Following a judgement in one of Sweden’s Administrative Courts, the country’s Gambling Authority, Spelinspektionen, has revoked its previous decision on the importance of negative equity.
The regulator had previously outlined a lack of negative equity as a condition when firms apply for a Swedish betting and gaming licence, but the Court ruling regarding Avento’s application has prompted the charge.
In a ruling in December, the Swedish Administrative Court in Linköping asserted that negative equity should not have been considered a licence condition during Avento’s application.
However, the Authority continues to maintain that ‘a negative equity usually means that the sustainability requirement cannot be fully fulfilled’.
On the other hand, applications from operators that are part of groups and/or conglomerates could see the wider combined capital strengthen taken into account.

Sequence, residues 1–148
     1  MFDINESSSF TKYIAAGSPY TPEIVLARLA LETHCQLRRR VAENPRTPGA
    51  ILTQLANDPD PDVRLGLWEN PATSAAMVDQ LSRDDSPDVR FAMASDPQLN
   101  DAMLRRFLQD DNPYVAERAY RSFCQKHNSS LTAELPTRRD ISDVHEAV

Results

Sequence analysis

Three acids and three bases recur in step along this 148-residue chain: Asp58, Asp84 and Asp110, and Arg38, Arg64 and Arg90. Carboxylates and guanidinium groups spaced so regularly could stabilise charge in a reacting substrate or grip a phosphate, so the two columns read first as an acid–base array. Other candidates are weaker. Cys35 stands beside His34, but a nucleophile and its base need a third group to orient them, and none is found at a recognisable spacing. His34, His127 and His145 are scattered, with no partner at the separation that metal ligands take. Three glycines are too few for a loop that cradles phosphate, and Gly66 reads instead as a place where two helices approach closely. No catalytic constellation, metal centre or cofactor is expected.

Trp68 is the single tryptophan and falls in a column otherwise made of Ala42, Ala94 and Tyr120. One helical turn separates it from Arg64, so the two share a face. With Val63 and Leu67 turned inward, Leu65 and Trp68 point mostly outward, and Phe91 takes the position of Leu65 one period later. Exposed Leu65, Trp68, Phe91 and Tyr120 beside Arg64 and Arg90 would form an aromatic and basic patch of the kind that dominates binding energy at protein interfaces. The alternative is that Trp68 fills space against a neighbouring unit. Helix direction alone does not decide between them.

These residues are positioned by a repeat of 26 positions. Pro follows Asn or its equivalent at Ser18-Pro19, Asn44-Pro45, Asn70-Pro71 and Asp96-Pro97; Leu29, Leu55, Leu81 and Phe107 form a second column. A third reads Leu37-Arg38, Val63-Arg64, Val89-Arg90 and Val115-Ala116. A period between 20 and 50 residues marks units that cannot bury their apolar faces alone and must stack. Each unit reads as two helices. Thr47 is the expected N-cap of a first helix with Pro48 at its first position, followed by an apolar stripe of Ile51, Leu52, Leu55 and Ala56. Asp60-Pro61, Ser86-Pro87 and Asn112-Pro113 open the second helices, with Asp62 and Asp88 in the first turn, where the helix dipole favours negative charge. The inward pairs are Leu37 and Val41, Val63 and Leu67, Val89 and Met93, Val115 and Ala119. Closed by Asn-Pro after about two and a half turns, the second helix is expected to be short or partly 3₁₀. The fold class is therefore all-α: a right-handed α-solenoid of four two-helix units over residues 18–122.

This standard will be adopted for both first-time applicants and existing licence holders seeking a renewal – but firms must prove that ‘resources are relevant’ and at the company’s disposal, such as via a capital guarantee.
Spelinspektionen’s statement read: “The Swedish Gaming Authority believes that a capital guarantee from a private person cannot be accepted as a starting point in view of the difficulties in obtaining a reliable picture of a natural person’s financial position.
“The extent to which the group’s capital strength can be taken into account and what capital strength is required for the conditions for a licence to be considered fulfilled will be decided in each individual case.”
The licence revision is the second major update regarding the Swedish Gambling Authority and its stances on operator duties this month, following a change in ‘Duty of Care’ requirements on 1 February.
Operators must prepare an action plan on duty of care and record engagements with troubled individuals as well as company efforts to reduce the gambling volume of said persons.